Q&A With RJ Jacobs
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Q&A With RJ Jacobs
One of the many Q&A’s this week is with mystery thriller author RJ Jacobs. RJ is the author of And Then You Were Gone, Somewhere In The Dark, The First One To Die, and coming out on September 12th This Is How We End Things.
Q: So you’ve practiced psychology since 2003. Did your experiences help with you writing your mystery thriller books?
A: If anything, the directionality is reversed: Being a writer makes me a better therapist because it’s a perfect refuge. I love being a therapist, but the process obviously involves a lot of time with people and sometimes I look forward to working in solitude. There’s a psychotherapeutic technique called narrative therapy that helps patients transform difficult experiences by re-imagining them, by seeing the contexts differently, and by encouraging greater sense of imagination and creativity in developing outcomes. I think writing has given me a clearer sense of how to guide a process like that.
Q: Did you always know you wanted to be an author?
A: I started out as an English major as an undergraduate at University of Florida then switched to Psychology in my Sophomore year. I really enjoyed writing and tried to some when I had time, usually on breaks. Back then, I had no idea how to construct a story but the early experience in finding a rhythm to my writing and creating a habit of putting words down became really helpful later on.
Writing went on hold when I was in grad school. After a while, I realized that if I was ever going to write, I needed to get started again.
Q: Would you like to tell the readers of the blog a little bit about This Is How We End Things, which comes out on September 12th and how you came up with the concept for the idea?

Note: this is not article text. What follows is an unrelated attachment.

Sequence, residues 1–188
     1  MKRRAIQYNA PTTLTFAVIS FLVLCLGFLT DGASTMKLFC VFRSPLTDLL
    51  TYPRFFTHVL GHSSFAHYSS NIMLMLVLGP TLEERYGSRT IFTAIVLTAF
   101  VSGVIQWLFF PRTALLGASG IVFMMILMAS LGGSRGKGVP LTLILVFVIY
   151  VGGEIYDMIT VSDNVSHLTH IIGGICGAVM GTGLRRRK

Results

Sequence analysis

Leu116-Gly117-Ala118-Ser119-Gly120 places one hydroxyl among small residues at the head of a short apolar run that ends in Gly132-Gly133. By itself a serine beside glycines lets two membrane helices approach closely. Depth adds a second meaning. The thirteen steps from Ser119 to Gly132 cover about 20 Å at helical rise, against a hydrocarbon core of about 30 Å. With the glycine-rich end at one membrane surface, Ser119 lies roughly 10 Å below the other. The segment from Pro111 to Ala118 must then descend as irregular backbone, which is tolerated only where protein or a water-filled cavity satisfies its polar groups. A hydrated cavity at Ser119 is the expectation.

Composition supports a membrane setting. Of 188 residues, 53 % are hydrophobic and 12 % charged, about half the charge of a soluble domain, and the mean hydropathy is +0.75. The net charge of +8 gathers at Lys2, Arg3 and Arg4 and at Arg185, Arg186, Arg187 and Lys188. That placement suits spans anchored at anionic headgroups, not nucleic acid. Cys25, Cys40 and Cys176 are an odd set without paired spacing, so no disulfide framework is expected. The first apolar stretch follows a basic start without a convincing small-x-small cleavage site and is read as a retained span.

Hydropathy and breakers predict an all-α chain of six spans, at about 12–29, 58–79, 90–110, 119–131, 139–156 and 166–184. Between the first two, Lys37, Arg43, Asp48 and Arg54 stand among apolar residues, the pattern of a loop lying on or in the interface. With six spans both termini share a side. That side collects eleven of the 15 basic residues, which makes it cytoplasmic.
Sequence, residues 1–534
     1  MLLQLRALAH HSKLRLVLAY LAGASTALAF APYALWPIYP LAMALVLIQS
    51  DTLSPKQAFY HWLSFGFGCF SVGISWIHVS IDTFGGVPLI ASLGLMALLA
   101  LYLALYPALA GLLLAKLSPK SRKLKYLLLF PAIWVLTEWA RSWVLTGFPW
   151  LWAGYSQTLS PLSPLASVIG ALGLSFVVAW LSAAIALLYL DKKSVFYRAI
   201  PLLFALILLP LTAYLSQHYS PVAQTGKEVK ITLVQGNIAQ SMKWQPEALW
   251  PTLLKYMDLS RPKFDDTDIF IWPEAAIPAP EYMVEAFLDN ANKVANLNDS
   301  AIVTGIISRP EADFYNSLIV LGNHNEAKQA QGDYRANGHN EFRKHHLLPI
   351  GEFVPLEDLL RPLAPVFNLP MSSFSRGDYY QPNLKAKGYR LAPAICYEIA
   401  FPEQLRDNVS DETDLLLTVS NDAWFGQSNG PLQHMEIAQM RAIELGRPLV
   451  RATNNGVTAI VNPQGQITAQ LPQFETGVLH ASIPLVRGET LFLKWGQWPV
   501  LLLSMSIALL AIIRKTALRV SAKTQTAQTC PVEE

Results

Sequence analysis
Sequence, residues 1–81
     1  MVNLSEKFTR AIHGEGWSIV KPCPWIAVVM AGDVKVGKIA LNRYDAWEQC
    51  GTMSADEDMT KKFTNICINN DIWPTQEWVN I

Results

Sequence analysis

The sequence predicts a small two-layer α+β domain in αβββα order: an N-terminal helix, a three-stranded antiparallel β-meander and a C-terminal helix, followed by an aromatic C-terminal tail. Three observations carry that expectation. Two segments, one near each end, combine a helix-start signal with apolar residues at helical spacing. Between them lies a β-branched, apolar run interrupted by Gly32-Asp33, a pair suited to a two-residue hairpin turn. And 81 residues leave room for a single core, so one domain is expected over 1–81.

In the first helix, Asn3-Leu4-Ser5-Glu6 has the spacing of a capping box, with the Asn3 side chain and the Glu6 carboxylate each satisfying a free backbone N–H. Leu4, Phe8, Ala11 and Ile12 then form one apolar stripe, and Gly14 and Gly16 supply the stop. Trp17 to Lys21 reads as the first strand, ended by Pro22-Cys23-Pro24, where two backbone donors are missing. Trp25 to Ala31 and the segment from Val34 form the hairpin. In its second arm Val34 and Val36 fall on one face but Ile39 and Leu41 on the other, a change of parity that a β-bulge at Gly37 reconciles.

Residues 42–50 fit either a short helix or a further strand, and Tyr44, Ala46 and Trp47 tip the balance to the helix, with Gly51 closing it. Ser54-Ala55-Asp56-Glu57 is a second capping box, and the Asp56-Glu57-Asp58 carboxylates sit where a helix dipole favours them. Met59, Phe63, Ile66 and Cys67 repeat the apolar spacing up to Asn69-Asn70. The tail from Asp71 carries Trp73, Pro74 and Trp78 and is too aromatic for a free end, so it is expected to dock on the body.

A: Most of the research involved reminiscing and talking with people in my grad school cohort. I work as a clinician now, but my Ph.D. training mostly involved experimental methods and procedures, and a lot of statistics. For this book, I went back and read through a lot of classic psychology experiments on concepts like obedience and conformity—the types of studies that got me interested in psychology in the first place.
As an undergrad, I helped out with a social psychology experiment for extra credit that involved a level of deception. Some of the subjects were people I recognized from other classes. It was my first experience in having to keep information confidential.
For psychologists, the ethical code is designed to protect patients, the occupation, and then the practitioner, in that order. It’s designed to maintain the sanctity of the profession so that it can be trusted by the public. I’ve always loved that.
Q: If you were to write in another genre that wasn’t mystery thriller, which genres would they be and why?
A: Romance, hands down. No, I’m kidding, I get too embarrassed writing about sex and I admire authors who make it seem effortless. I have a sketch of a literary novel that I might dust off at some point.
Q: Does Hollywood have the rights to your work? The entertainment industry is lacking in creative content.
A: I hope so. Do you know anyone?
Q: Where is your favorite spot to plot, write and edit your work?
A: It’s definitely my home office, but I’ve written everywhere because time is so scarce. I have a vivid memory of typing on my iPhone in a middle school hallway while my daughter cheered for a basketball game because it was the only way to get my words in that day.
Q: If you’re writing a new novel right now, can you reveal any details?
A: I’m working on a novel about a mysterious energy start-up, a con artist, and a historic observatory. Stay tuned.